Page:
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AC36: Interview with Gilberto Nobili (ITA), Operations Manager, racconta l’organizzazione delle atti

SAN FRANCISCO (#1209) — As we await news on the launch date of the Challenger of Record's first of two permitted AC75s — Boat 1, or "B1" as the teams refer internally to their first boat — here's an interesting interview posted on Friday by Luna Rossa Prada Pirelli with our former AC teammate (Oracle Team USA 2010 and 2013), the hard-working and popular Gilberto Nobili (ITA). Your Ed. has taken the liberty of italicizing a few of what we see as Gilberto's key points....

The Challenge Machine

He won the America’s Cup 2010 and 2013 editions with Oracle Team USA and in 2017 with Emirates Team New Zealand. In addition to the Cup, he has participated in several international sailing events in the TP52, Maxi and Extreme40 classes, and raced for four years (2004-2008) in the Olympic Star class as bowman to Francesco Bruni. This is his sixth America’s Cup.

What does managing an America’s Cup Challenger base mean?

When I took up this role with the Luna Rossa Prada Pirelli Team, I knew exactly what I would be dealing with from a technical standpoint. I did not imagine, however, just how important human resources management was going to be.

What are the most complex moments you deal with at the base?

The critical moments have yet to come. As far as I’m concerned, they’ll start the moment the boat arrives. In the America’s Cup one of the most difficult things is to find a balance between the hours spent on the water and those on land, between training and boat development. Then there’s risk analysis and management. It’s here that in the 20 years I’ve been involved in sailing I’ve seen some great mistakes made, but I’ve also seen some amazing solutions.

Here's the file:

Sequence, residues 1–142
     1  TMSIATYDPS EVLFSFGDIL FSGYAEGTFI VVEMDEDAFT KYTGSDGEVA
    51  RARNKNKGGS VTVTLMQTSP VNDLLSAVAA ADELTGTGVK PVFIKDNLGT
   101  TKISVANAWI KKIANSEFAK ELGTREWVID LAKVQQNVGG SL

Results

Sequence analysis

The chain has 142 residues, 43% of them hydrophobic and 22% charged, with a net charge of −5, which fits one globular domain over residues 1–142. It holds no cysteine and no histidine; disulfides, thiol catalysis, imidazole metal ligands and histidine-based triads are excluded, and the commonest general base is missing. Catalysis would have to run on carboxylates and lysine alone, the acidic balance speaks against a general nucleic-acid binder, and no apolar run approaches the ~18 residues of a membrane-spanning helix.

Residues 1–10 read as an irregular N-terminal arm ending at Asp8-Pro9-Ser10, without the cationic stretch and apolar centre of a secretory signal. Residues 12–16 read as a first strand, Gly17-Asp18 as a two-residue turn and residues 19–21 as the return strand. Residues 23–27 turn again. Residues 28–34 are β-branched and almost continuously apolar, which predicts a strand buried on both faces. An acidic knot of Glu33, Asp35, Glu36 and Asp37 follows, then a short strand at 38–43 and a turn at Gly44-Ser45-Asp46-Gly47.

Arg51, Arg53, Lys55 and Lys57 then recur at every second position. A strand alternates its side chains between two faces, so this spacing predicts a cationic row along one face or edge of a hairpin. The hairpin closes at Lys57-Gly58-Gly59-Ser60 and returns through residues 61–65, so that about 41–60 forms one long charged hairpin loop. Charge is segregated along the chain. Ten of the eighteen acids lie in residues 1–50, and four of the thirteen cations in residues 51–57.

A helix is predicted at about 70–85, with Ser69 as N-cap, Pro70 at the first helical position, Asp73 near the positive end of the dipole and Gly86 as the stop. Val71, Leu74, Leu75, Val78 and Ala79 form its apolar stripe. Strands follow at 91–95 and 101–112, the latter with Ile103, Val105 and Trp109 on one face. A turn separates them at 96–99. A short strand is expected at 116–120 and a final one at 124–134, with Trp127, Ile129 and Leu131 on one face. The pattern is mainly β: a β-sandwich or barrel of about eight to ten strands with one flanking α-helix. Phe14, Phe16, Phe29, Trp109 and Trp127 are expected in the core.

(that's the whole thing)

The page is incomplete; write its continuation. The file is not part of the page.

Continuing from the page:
For example?

There are teams that spend too much time in the water and too little developing the boat or team, underestimating the risks and breakages, compromising the final result. When the boat is in the water, we cannot afford to break items that have long delivery times. If you break a keel, you’re grounded for four/five months and you lose a card to play, because the number of components you can use is limited. You have to proceed in phases, optimizing the components without exposing them to elevated risks of breakage.

How do you decide when to go out to sea and when to develop on land?

I collect information from all team departments and integrate them with updated weather forecasts. I then verify that the plan is feasible and in line with the long-term objectives. Once completed, I share this data with the team and coordinate the sea trials. Overall, I try to take advantage of my experience to avoid making the mistakes I’ve seen committed in previous Cups.

What is the typical Luna Rossa team day like?